Where the Minimalist Movement and Kaiut Yoga Meet: Less is More
Minimalism is not the lack of something. It’s simply the perfect amount of something. - Nicholas Burroughs
In recent years, the minimalist trend has been picking up speed. More and more people are looking to simplify their lives in order to maximize living.
As we continue along the Kaiut path, we hope we have inspired you around one central idea: Less is More.
The Less is More philosophy is minimalism in its purest form. With this idea in mind, below are 4 Kaiut concepts that reflect the minimalist framework.
The practice itself is simple: To make a deep neurologic change in the body, the Kaiut practice is designed to be simple. Throughout the sequences, you will notice that we repeat very simple shapes. It is this repetition that helps to retrain the brain and the body. Essentially we are teaching the body that it’s safe to regain these movements.
Less effort brings excellent results: It’s an American tendency to want to push hard and over press. We’re conditioned to ignore the body and press on. In the Kaiut classroom, you’ll hear us instruct you to meet your edge without engaging in overpressing. Neurologically speaking, when we effort for a particular pose the brain reads only effort. If we back off a bit, then the brain can read all the nuances regarding the function of the pose. This difference is why Kaiut Yoga is so effective in the management of pain and difficult cases.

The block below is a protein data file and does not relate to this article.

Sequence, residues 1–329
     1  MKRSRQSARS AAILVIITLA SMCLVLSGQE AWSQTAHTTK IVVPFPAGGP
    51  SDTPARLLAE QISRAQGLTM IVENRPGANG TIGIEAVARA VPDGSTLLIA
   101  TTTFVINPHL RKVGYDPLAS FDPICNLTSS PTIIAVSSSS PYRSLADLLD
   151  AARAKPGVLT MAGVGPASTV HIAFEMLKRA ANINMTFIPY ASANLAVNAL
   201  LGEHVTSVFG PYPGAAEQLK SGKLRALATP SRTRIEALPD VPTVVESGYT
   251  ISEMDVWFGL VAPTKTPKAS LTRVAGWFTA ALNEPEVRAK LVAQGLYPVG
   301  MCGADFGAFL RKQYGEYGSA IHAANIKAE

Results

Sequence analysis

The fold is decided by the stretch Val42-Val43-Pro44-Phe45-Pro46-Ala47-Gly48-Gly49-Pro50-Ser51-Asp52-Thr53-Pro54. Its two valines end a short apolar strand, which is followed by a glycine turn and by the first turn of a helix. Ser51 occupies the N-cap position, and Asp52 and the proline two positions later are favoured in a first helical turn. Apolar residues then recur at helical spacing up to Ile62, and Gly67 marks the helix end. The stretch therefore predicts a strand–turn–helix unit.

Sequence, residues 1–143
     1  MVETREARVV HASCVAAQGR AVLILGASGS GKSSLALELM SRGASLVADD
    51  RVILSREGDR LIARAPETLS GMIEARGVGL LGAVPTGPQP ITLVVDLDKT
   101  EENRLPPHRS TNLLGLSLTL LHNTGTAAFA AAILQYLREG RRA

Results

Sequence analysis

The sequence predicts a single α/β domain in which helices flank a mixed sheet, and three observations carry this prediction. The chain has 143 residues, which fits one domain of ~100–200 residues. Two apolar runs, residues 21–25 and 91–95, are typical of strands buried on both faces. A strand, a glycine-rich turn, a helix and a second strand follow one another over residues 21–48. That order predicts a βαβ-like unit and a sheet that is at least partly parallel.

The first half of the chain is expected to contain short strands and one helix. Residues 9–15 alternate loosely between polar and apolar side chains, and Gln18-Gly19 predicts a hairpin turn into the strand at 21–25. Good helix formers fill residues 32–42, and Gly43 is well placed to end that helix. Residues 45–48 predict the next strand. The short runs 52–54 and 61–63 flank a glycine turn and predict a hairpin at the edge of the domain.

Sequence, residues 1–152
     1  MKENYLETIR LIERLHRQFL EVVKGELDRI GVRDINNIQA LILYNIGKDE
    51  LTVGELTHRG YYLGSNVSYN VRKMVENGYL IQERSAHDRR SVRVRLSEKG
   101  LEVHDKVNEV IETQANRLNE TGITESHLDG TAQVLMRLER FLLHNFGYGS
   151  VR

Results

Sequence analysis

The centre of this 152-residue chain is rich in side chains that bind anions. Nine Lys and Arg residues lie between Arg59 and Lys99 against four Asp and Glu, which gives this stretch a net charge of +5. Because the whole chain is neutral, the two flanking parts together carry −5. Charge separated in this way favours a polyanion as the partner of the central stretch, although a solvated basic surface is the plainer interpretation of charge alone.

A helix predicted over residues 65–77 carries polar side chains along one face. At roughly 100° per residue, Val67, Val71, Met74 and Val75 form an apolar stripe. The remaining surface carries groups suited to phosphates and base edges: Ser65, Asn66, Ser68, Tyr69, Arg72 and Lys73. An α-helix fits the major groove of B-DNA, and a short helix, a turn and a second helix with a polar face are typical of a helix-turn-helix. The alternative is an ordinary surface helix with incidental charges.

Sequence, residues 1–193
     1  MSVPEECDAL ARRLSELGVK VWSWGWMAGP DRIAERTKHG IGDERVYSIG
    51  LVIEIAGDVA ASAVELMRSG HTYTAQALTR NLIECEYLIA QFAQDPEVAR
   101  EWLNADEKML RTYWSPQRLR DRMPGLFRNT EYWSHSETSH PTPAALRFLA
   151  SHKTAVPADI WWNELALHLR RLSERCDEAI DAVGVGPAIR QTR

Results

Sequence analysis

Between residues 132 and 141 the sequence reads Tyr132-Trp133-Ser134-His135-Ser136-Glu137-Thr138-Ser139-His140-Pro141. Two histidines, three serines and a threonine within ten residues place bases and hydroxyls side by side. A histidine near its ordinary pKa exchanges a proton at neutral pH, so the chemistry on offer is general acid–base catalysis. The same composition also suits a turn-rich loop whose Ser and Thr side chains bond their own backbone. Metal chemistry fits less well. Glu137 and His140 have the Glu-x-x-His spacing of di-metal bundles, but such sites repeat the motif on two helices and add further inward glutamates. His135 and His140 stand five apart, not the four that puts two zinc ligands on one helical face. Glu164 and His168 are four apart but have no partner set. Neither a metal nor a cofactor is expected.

Consistency is better than will: practicing with consistency is a key component to progression and results. When we practice out of will, we are beginning to practice out from an analytical mindset. Practice becomes a “have to” instead of “i feel like it”. Think of it this way. Ultimately, yoga is like hygiene. It’s something that we do to clean the system up. Brushing our teeth is a simple hygiene practice as well. We brush our teeth regularly because it’s become a habit over time. Brushing our teeth is not something that we will ourselves to do. We brush our teeth because it feels good. We brush our teeth consistently because it’s become a positive habit over time.
Enjoy the “empty” space: Often we have the tendency to want to fill empty spaces. Minimalism appreciates the empty spaces and sees the space between the lines as a restful retreat. We apply this same philosophy in Kaiut Yoga. In many ways, it’s the rest between the poses that is most productive and effective. Over time, we learn to not only have these times, we learn to enjoy them.
In many ways, it is the simplicity of Kaiut Yoga that keeps students engaged and successful. If you’re interested in pursuing simplicity and curious about Kaiut Yoga, take a look at our schedule. We’ve got classes in-person and online.